Many different drugs have been associated with worsening myasthenia gravis (MG). However, these drug associations do not necessarily mean that a patient with MG should not be prescribed these medications because in many instances the reports are very rare and in some instances they might only be a “chance” association (i.e. not causal). Also some of these drugs may be necessary for a patient’s treatment. Therefore, some of these drugs should not necessarily be considered “off limits” for MG patients. Careful thought needs to go into decisions about prescription. It is advisable that patients and physicians recognize and discuss the possibility that a particular drug might worsen the patient’s MG. They should also consider, when appropriate, the pros and cons of an alternate treatment, if available. It is important that the patient notify his or her physicians if the symptoms of MG worsen after starting any new medication. For more information, the MGFA has an excellent review article for health professionals, found at the myasthenia.org website. For this app, we are only listing the more common prescription drugs with the strongest evidence suggesting an association with worsening MG.
Telithromycin (Ketek) - inpatient drug for serious pneuomonia. Should not be used in patients with MG. FDA has designated a "black box" warning on this drug in MG patients.
The fluoroquinolones, including Ciprofloxacin and Levofloxacin – commonly prescribed antibiotics that are rarely associated with worsening MG. The US FDA has designated a “black box warning” on Ciprofloxacin/Avelox and Levofloxacin. Use cautiously, if at all.
Zithromax (e.g. "Z-pak") - commonly prescribed but potentially dangerous in MG. Use cautiously, if at all.
Gentamycin, neomycin (aminoglycoside antibiotics; tobramycin may be least offensive) - use cautiously if no alternative treatment available.
Other antibiotics have been rarely reported with worsening MG. Please discuss with physician.
Botulinum toxin (e.g. "Botox") - avoid.
Steroids (e.g. prednisone) - steroids are a common treatment for MG but patients who start steroids may have transient worsening of their MG during the first two weeks prior to an improvement in their MG. Thus, patients need to monitor carefully for this possibility.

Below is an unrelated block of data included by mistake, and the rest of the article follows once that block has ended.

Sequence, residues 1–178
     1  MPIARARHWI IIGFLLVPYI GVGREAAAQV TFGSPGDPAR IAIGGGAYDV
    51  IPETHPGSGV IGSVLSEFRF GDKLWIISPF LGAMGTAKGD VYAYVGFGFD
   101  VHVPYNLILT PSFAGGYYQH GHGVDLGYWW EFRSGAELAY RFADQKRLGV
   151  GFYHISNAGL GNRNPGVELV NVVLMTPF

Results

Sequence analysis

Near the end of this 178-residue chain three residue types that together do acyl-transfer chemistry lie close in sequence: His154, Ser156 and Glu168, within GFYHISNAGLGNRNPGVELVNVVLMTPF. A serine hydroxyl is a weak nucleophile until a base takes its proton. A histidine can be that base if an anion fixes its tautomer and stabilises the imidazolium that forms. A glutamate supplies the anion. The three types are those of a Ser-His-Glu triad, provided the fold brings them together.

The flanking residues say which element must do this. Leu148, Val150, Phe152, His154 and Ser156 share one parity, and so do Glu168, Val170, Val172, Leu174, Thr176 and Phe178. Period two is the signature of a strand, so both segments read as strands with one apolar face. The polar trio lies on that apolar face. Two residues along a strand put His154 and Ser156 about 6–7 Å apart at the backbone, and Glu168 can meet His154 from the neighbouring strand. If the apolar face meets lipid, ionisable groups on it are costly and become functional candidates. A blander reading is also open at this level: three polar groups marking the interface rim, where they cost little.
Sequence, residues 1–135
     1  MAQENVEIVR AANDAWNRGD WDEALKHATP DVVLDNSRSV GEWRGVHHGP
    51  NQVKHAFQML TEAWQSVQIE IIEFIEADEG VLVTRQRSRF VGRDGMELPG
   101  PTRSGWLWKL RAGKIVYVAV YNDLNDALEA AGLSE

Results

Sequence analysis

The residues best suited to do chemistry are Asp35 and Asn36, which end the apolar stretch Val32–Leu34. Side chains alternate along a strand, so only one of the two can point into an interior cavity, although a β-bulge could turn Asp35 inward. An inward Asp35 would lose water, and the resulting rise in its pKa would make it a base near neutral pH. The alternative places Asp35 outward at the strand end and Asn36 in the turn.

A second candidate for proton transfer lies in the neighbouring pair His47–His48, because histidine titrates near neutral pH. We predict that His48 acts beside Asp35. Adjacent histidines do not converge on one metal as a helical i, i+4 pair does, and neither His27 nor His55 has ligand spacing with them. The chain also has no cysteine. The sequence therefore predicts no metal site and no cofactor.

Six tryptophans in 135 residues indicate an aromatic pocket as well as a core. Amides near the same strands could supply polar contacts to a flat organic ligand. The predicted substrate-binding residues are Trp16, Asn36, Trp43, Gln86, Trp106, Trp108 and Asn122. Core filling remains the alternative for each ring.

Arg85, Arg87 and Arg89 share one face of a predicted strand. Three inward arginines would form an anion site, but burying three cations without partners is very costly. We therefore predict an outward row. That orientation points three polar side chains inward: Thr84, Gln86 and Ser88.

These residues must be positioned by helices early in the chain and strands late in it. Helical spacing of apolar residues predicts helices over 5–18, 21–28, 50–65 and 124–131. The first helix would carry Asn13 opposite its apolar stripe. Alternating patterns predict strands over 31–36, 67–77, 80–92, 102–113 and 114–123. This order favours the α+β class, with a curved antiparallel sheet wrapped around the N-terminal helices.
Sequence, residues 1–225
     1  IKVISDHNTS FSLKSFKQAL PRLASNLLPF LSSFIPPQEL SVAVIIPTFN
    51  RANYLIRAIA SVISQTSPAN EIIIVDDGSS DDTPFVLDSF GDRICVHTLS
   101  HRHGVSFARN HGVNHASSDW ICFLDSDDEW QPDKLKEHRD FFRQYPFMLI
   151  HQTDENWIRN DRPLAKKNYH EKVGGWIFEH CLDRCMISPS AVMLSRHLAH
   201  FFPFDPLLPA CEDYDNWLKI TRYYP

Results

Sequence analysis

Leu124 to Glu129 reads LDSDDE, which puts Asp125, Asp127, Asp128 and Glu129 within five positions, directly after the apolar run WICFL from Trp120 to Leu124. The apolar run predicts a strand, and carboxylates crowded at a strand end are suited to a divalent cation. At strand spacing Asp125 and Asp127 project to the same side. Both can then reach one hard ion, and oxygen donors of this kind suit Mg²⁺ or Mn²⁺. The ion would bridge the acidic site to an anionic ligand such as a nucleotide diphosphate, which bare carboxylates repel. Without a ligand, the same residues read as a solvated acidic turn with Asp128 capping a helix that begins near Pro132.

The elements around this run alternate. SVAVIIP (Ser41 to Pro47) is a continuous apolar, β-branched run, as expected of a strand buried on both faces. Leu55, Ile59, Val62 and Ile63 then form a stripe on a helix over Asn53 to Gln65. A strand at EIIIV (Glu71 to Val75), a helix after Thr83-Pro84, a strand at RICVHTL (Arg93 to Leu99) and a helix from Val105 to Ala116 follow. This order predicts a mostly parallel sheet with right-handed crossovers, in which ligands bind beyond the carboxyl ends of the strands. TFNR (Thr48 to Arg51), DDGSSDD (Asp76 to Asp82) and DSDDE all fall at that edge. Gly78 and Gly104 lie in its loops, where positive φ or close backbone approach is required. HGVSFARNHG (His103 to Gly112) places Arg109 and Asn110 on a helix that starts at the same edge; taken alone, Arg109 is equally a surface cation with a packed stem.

Quinine - sometimes used for leg cramps.
Procainamide - cardiac drug used for irregular heart rhythm.
Magnesium in patients with kidney disease; potentially dangerous if given intravenous, for example, for eclampsia treatment during late pregnancy. (Many multivitamins contain small amounts of magnesium, which is okay.)
D-penicillamine - drug rarely used these days but strongly associated with causing MG.
Beta-blockers - commonly prescribed for hypertension, heart disease and migraine but potentially dangerous in MG. Use cautiously, if necessary.
In the US, a “black box warning” (also known as boxed warning) is an alert that appears on the package insert for certain prescription drugs. A black box warning signifies that studies have shown the drug carries a significant risk of a serious or life-threatening adverse event. The black box warning is the strongest warning by the US FDA. For MG patients, some of the drugs that carry black box warnings include the fluoroquinolones (e.g. Ciprofloxacin, Levafloxacin; see above) and Telethromycin (i.e. Ketek); these particular antibiotics have been associated with worsening of MG in some patients. Mycophenolate mofetil (CellCept) also carries a black box warning for an increased risk of teratogenicity (e.g. malformation of fetus in utero) for pregnant mothers. MG patients should discuss potential risks of these drugs (and others on the provided list above) with their doctors.
Vaccinations: It is generally believed that vaccinations (e.g. influenza) are safe in patients with MG (with a major caveat below). The evidence suggests that vaccine-related worsening of MG is rare and thus most MG specialists believe the benefits of immunization outweigh any small risk related to possible transient worsening of MG symptoms.
Exception/caveat: If you are taking immunosuppressive medication, such as Prednisone, Azathioprine or Mycophenolate, it is usually recommended that you avoid live, attenuated vaccines. Examples of live, attenuated vaccines include the shingles vaccine and the nasal spray form of the influenza vaccine (the influenza injection is inactivated and thus not alive, so it is much safer in immunosuppressed patients). You need to discuss this with any doctor when considering a vaccine. If you are not sure, you should ask your doctor if you are taking immunosuppressive drugs and, if so, if the vaccine is safe in that setting. It's worth noting that most vaccines are inactivated (e.g. dead), but because there are a few vaccines that are alive and attenuated (i.e. the pathogen is alive but not very virulent and thus immunizes the patient without causing the disease) and because the live, attenuated vaccines carry higher risk for those who are immunosuppressed, this technicality about vaccines is important and is always worth consideration.